experience.

Chris defines his beliefs as: “I have a sincere belief in the
connectedness of everything. I believe that we are all part of the
creation of ‘God/dess’ and that this creation speaks to its people
through events, through art of all forms and personal experience. If
you look back on your life you will see that it has been a path that is
quite obvious. If you think also of all the small things that made you
make the choices you made to get to where you are now you will clearly
see that you have been guided. Guided by what? I personally believe
that the guide is God/dess or Spirit and this being has a hand in every
event no matter how small. I also believe that this being will
represent itself in any way that it can in this dimension and will
appear in many forms. The most unusual that has been in the past was
the Christian form of Jesus… the most modern form of this ‘other’ is
the U.F.O. and extraterrestrials. Whilst humanity further allows itself
to believe in a separation of itself from Spirit, the ‘alien other’
will appear in whatever form is necessary to ‘shake up’ our
sensibilities and allow for an experience or understanding that has to
include this Spiritual part of ourselves. We are at a time in history
where we are about to be born as a new form of consciousness. What form
this consciousness will take I have no idea of except that it will
include all being and all beings everywhere in all dimensions. My art
is a reflection of these beliefs… an honest approach at allowing the
opening of a dialogue between our selves and what we believe to be the
alien other. I believe in time we will clearly see that this “alien
other” is nothing but another aspect of our all powerful and
multidimensional selves and that we are fundamentally a creation of
love”.

Chris’ Creative Process

All of my current works start from what I call a ‘primitive’ that I
generate using a 3d program. My favorite program, at the moment for
this, is ZBrush as it is quick and fast. I have toyed with the idea of
the creation of these works in an animated and also 3dVR space. The
technology at the moment seems a little limited in what I am able to

present and express. I use a Pentium 4 – 1.6Ghz with 500MB of memory, a
Wacom tablet and output via Kodak Lambda printer at a pro photo lab on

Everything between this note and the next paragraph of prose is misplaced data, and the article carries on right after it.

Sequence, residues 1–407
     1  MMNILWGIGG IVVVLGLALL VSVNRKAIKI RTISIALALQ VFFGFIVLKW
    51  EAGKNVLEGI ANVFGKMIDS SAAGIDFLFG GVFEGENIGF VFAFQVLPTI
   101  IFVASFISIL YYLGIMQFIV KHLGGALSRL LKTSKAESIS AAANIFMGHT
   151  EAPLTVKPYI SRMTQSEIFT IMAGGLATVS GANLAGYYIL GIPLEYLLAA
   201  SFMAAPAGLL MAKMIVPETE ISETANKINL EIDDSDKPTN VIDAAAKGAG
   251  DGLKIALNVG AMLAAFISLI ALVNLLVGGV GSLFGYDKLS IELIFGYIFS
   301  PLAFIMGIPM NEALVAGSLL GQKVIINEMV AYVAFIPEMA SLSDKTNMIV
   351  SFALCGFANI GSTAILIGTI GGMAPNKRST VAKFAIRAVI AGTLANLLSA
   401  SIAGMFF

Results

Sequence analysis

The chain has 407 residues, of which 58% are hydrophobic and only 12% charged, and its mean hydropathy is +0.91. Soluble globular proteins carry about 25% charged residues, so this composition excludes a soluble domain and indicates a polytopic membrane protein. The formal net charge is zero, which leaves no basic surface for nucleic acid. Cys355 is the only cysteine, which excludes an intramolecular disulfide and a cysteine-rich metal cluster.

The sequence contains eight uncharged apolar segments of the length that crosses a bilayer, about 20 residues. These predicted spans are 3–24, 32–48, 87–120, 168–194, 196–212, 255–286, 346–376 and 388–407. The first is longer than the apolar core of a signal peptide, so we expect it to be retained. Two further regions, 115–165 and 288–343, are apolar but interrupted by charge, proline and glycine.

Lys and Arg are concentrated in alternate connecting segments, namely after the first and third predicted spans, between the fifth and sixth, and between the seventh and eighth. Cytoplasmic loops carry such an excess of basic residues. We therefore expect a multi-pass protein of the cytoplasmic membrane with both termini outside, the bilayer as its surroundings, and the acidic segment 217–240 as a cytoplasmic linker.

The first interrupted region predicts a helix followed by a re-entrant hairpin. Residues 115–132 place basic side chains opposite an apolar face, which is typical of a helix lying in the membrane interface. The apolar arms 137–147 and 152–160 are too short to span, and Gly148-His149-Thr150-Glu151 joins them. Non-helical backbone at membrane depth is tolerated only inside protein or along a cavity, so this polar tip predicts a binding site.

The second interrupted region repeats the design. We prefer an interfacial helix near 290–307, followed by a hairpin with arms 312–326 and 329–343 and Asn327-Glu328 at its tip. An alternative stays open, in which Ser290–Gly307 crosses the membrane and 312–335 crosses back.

metallic gloss paper.

My creative process is closely related to my philosophy of life which
has been with me in a kernal form from birth and then strengthened from
the experiences I have gained confirming this understanding as I live.
I firmly believe that we are all equal; ‘as above so below’ and in this
belief I form my art. My experiences throughout life have not only
confirmed this identity forming understanding, but also inform my
creative process in many ways.

I know that when I start a work it will have only the essence of the
original idea that spawned it. I prefer to keep with going with the
flow of the universe and the artwork as it happens. I know when I
create a work that my creativity will be influenced by ‘errors’ and
‘serendipity’ and I allow for this to be able to discover new ways of
representing the ideas that seem to have a need to be expressed through
my self. If I come across a new way of doing my work by accident I
always save the work at this point to be able to explore that idea
fully in other works. I sometimes develop the ‘accidental’ work to see
where it leads.

Sometimes just play with digital images and something appears other
times I start with an idea. In this instance I start with an idea that
is niggling at me to be expressed. In this instance I have been
regularly harassed by the ‘other’ to express my dreams in which the
‘other’ side of reality appears as UFO’s, UFO like objects and
extraterrestrial forms. If you look at my artworks carefully this
‘alien other’ theme has quite a strong and familiar presence to them…
this time I will be playing with the idea of a craft that represented